The 1950s Come to Life in Halberstam Series

Article excerpt

The 1920s roared. The '30s were depressed. The '60s were radical. But what defined the '50s?

There may not be one single word to describe the decade, but "all the things that contributed to the revolution in the '60s were seeded in the '50s," says author David Halberstam in "The Fifties," a new miniseries based on his 1993 bestseller of the same name.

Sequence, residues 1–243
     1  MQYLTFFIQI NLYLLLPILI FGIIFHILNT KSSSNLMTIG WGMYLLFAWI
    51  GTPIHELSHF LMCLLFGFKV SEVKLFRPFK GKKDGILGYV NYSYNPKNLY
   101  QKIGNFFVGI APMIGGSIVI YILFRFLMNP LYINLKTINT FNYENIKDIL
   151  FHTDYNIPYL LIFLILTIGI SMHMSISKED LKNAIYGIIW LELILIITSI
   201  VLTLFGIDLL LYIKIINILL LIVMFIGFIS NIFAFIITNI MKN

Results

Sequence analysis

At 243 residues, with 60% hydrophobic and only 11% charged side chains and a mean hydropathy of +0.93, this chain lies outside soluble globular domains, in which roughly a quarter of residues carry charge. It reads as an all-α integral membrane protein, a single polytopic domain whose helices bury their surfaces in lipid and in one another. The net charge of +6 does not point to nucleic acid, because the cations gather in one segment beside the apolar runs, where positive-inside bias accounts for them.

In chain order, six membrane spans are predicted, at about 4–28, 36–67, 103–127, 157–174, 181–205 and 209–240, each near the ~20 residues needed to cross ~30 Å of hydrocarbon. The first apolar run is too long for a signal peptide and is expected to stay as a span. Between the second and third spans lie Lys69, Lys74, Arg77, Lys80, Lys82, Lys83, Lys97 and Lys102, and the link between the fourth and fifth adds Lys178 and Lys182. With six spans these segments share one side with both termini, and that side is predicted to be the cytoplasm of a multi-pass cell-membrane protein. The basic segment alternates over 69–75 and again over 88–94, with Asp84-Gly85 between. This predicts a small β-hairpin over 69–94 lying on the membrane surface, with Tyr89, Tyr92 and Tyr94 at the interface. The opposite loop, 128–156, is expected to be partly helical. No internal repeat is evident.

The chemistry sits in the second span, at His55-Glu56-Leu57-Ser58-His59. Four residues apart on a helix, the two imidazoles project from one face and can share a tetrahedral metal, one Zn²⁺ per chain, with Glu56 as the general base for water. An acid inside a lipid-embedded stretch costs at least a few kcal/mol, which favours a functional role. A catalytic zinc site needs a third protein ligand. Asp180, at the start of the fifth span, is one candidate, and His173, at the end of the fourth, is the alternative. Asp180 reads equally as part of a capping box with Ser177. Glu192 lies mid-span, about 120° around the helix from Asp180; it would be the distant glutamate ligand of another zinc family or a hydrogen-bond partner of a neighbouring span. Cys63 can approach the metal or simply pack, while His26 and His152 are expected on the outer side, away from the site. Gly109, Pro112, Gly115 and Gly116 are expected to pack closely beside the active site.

This seven-part, eight-hour production (airing on the History Channel Nov. 30-Dec. 5, check local listings) sets Halberstam's book to music and makes the 1950s come alive. Through interviews with journalists and historians, and archival footage, this lively documentary takes a comprehensive look at the events that shaped America. With the end of World War II, Americans looked forward to peace, prosperity, and simpler times. But beneath the surface, according to Halberstam, lurked conflict and fear: Citizens worried about Communists, the cold war, and nuclear attack. "People were very comfortable in the '50s, and they wanted to keep what they had," says journalist Frank Gibney. "The Communists represented someone who wanted to take that away from you." Two distractions from the public obsession with communism were religion and television. The '50s brought such developments as the book "The Power of Positive Thinking" and drive-in churches. TV's powerful ability to communicate also helped divert Americans' attention. "Television was so new that people would watch anything," says the late broadcast journalist John Chancellor. The third installment of "The Fifties," "Let's Play House," is one of the more captivating segments for its look at family life through three books: "The Man in the Gray Flannel Suit," by Sloan Wilson, "The Feminine Mystique," by Betty Friedan, and "Peyton Place," by Grace Metalious. …